Theses Doctoral

Understanding Low-Energy Nuclear Recoils in Liquid Xenon for Dark Matter Searches and the First Results of XENON1T

Anthony, Matthew

An abundance of cosmological evidence suggests that cold dark matter exists and makes up 83% of the matter in the universe. At the same time, this dark matter has eluded direct detection and its identity remains a mystery. Many large international collaborations are actively searching for dark matter through its potential annihilation in high-density regions of the universe, its creation in particle accelerators, and its interaction with Standard Model particles in low-background detectors.
One of the most promising dark matter candidates is the weakly interacting massive particle (WIMP) which falls naturally out of extensions of the Standard Model. A variety of detectors have been employed in the search for WIMPs, which are expected to scatter with atomic nuclei, yet none have been more successful than dual-phase liquid xenon time projection chambers (TPCs). The first ton-scale liquid xenon TPC, XENON1T, began operating in 2016 and with only 34.2 days of data has set the most strict limits on the WIMP-nucleon interaction cross sections for WIMP masses above 10 GeV/c^2, with a minimum of 7.7 × 10−47 cm^2 for 35 GeV/c^2 WIMPs.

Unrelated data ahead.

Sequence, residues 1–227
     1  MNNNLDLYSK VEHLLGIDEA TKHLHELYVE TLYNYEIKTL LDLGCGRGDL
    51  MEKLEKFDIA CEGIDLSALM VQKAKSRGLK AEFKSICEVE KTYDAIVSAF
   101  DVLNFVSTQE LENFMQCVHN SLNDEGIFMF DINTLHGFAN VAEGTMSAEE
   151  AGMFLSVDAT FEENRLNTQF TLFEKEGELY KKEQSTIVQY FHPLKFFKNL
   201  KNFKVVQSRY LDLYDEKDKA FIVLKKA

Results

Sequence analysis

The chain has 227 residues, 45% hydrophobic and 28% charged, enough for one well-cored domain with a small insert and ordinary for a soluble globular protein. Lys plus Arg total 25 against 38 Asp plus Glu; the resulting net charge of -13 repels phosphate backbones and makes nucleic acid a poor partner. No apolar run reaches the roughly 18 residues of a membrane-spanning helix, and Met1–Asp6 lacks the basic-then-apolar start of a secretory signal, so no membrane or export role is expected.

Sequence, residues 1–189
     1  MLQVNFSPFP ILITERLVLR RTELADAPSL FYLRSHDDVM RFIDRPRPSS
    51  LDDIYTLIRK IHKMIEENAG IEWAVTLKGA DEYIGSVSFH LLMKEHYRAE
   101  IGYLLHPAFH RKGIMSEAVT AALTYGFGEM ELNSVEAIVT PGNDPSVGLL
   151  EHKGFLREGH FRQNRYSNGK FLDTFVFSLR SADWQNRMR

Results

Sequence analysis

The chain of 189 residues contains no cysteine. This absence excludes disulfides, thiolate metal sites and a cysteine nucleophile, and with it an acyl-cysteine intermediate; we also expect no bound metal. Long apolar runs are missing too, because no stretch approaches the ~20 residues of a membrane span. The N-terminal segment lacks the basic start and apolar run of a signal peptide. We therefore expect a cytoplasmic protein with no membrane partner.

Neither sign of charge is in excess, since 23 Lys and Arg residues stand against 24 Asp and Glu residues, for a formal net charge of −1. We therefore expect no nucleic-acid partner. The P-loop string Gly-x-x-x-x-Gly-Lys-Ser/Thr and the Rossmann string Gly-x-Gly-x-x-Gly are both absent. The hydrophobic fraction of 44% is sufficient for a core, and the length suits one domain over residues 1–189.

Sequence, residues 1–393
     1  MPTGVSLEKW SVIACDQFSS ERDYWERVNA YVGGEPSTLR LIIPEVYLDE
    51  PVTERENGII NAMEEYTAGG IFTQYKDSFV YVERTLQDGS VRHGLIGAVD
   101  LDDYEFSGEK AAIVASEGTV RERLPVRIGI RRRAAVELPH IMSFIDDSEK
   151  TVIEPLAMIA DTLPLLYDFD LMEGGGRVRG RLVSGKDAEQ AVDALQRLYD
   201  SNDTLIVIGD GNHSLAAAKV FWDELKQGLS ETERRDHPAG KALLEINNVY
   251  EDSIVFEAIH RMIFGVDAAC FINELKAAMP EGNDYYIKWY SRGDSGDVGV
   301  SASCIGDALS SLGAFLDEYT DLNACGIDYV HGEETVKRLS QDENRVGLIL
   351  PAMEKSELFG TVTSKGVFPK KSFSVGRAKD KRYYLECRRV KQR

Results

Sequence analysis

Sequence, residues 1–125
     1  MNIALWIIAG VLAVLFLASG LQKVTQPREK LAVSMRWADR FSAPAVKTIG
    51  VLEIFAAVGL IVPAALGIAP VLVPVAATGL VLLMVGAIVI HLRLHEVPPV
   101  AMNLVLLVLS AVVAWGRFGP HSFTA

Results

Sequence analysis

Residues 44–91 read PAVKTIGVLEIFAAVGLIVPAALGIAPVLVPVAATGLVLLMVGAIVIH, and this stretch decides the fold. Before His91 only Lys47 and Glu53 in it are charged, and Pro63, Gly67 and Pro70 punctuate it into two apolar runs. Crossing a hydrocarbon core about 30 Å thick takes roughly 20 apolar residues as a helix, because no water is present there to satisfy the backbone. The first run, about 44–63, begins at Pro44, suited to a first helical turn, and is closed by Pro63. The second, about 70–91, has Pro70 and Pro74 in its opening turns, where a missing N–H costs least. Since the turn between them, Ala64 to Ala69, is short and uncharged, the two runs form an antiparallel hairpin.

One of the major keys to success for liquid xenon TPCs is our understanding of interactions in the medium through myriad measurements. Given that the expected WIMP scattering rate increases with decreasing interaction energy, there has been more focus in recent years in pushing our understanding of interactions in liquid xenon to lower energies. Additionally, as liquid xenon TPCs operate with a large electric field in the medium, an effort has been made to understand how the signal response of xenon changes as a function of the applied electric field.
In this thesis, I describe the details of XENON1T, its calibration and characterization, with a special emphasis on the electronic and nuclear recoil calibrations, and the inaugural WIMP search of XENON1T. I then discuss a dedicated measurement, made in the calibration-optimized liquid xenon TPC neriX, of the signal response of low energy nuclear recoils in liquid xenon at electric fields relevant to the dark matter search. The measurements of signal response in XENON1T and neriX were performed using an analysis framework that I developed to allow a more sophisticated examination of recoil responses using GPU-accelerated simulations.


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More About This Work

Academic Units
Thesis Advisors
Aprile, Elena
Ph.D., Columbia University
Published Here
February 27, 2018